The Kuramoto model has been almost exclusively studied within the field of synchronization and non-linear dynamical systems. On the other hand, there has been much recent activity within the community of statistical physicists to study nonequilibrium stationary states (NESSs) and develop a general framework akin to the one due to Boltzmann and Gibbs for equilibrium that allows analysis of nonequilibrium states on a general footing [19]. Unfortunately, there are few examples of NESSs for which one knows the probability measure of configurations exactly, so that the bulk of studies have relied on numerical simulations and approximate analysis [20].

Our work interprets the dynamics of the Kuramoto model to be of true non-equilibrium character. Moreover, quenched disorder in the form of natural frequencies of the oscillators provides a very rich setting to study the interplay of the nonequilibrium character of the dynamics with the disorder. In this rich backdrop, we are able to characterize the nature of the NESS and ascertain under quite general conditions the whole spectrum of phase transitions.

The paper is organized as follows. In the following section, we describe the model of interest and briefly review previous studies of the model. In Section 3, we present the complete phase diagram of the model, providing numerical simulation results in support. In Section 4, we present an analytical treatment of the properties of the incoherent phase, based on the Kramers equation for the single-oscillator distribution. This is followed in Section 5 by a comparison of our analytical predictions with numerical simulations. The paper ends with conclusions. Some of the technical details are relegated to the two appendices.

2The model

We now give a precise definition of the generalized dynamics that we study in this paper. In addition to phase , we associate with the -th oscillator another dynamical variable, namely, the angular velocity . With a Gaussian noise force and the natural frequency , the dynamics is [13]

where is the oscillator moment of inertia, is the friction constant, while is the synchronization order parameter:

Here, we have

with temperature in units of the Boltzmann constant. We consider a unimodal (that is, symmetric about mean , and decreases to zero with increasing ), and denote its width by . In the absence of inertia, the dynamics with the redefinition reduces at to that of the Kuramoto model [11] and at to that of its extension studied by Sakaguchi in Ref. [16].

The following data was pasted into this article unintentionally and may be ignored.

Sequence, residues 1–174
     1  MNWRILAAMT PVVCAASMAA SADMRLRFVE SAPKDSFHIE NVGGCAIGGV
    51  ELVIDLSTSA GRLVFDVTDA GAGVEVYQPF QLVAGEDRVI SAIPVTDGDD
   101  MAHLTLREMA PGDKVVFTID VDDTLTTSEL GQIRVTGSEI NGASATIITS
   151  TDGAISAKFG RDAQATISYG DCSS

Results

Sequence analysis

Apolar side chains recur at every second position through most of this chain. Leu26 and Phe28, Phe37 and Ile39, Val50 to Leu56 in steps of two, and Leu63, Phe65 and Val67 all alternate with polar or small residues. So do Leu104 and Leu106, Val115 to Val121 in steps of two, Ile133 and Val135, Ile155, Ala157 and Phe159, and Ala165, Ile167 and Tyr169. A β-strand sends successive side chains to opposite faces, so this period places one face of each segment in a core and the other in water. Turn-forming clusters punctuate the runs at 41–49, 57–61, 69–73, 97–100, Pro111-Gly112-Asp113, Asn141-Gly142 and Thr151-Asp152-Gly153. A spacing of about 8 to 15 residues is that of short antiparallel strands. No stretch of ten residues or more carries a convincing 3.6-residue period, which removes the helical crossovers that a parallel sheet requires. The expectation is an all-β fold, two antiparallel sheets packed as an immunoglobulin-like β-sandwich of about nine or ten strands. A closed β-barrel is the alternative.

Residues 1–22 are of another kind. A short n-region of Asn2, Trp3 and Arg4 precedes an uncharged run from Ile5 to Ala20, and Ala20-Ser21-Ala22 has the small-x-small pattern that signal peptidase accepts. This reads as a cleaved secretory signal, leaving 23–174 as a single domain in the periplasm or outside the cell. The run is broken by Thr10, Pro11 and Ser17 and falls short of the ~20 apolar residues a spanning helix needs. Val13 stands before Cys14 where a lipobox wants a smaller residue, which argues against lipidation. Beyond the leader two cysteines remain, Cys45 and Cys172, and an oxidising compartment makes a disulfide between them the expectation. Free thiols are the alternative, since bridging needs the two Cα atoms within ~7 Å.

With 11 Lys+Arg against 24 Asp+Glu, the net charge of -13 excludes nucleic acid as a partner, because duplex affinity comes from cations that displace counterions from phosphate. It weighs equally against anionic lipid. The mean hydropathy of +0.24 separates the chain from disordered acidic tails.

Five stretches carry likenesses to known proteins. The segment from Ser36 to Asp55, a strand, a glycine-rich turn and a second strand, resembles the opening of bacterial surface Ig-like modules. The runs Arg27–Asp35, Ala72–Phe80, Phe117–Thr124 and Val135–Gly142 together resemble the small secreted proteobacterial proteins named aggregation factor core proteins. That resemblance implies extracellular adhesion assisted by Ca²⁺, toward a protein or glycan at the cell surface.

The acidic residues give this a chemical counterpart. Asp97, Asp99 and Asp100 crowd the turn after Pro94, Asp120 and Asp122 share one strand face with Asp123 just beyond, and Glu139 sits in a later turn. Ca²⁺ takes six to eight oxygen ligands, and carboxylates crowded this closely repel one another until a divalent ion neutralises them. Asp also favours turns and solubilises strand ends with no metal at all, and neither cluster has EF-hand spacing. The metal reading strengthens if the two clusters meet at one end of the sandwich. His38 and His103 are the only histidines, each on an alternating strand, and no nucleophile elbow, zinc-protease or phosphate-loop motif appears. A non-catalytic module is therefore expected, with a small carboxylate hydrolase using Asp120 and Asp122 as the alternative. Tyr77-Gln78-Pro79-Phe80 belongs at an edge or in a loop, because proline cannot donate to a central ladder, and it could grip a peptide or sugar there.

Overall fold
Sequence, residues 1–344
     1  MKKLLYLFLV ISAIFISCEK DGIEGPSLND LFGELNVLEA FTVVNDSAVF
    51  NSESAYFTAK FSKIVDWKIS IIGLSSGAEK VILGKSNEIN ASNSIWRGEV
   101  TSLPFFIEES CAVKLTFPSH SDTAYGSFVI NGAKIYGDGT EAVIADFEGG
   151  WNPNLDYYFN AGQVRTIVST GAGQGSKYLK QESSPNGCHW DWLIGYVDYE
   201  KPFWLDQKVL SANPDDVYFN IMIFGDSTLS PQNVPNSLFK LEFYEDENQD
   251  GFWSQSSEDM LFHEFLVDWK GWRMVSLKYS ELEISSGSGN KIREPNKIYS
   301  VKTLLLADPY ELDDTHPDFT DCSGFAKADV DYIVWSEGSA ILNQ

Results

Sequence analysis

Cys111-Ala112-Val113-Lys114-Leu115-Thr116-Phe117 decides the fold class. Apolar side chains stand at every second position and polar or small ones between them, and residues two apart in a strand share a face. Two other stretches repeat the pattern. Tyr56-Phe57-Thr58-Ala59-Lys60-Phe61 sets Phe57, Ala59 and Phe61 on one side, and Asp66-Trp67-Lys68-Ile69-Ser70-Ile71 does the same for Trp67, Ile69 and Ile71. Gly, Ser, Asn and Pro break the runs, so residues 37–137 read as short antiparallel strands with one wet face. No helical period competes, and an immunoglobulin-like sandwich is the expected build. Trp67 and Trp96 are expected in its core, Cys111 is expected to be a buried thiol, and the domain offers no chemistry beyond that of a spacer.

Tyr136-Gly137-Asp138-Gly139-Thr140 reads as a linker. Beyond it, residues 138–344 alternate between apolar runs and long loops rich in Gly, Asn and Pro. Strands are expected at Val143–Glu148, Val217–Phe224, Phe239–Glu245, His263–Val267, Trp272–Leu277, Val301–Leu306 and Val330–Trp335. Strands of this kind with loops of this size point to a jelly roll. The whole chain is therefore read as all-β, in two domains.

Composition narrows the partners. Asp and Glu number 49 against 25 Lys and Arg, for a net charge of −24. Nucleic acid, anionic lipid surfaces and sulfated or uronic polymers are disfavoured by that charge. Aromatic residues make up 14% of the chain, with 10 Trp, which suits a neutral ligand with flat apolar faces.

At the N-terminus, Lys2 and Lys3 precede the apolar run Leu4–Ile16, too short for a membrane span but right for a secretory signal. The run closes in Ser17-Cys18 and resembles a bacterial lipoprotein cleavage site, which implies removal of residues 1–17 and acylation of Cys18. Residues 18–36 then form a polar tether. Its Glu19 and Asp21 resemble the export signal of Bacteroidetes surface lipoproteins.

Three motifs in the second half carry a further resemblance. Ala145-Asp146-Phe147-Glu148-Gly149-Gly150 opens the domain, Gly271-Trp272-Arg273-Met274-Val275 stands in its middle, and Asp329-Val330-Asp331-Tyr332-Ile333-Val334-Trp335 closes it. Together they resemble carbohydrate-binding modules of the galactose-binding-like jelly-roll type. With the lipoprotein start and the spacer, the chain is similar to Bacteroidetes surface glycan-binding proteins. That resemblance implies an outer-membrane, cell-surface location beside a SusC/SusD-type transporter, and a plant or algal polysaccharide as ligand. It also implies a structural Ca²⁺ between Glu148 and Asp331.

The dynamics Eq. (Equation 2) also describes motion of particles with an -interaction on a unit circle, with and being respectively the angular coordinate, velocity and external torque. In the absence of ’s, Eq. (Equation 2) for is the microcanonical dynamics of the Hamiltonian mean-field model [18], a prototype of long-range interacting systems [21]. In this case, the equations of motion are the Hamilton equations associated with the Hamiltonian

with the momentum of the -th particle. The dynamics of this system is microcanonical, conserving energy and total momentum. With no ’s, but , the dynamics of the resulting Brownian mean-field (BMF) model is canonical, mimicking the interaction of the HMF system with a heat bath [22].

The dynamics Eq. (Equation 2) is invariant under , and the effect of may be made explicit by replacing in the second equation with . We thus consider from now on the dynamics Eq. (Equation 2) with the substitution . In the resulting model, we take to have zero mean and unit width, without loss of generality.

For , using dimensionless variables

the dynamics becomes

where

For , using dimensionless time , the dynamics becomes the overdamped motion

where

From now on, we will consider in place of dynamics Eq. (Equation 2) the reduced dynamics Eq. (Equation 4) [that reduces for to the overdamped dynamics Eq. (Equation 5)] involving three dimensionless parameters, ; we will drop overbars for simplicity of notation. With (i.e. [13],[15]), the resulting BMF dynamics has an equilibrium stationary state [22]. For other , the dynamics Eq. (Equation 4) violates detailed balance due to the external driving by the set of torques , yielding a NESS. We demonstrate this in Appendix A.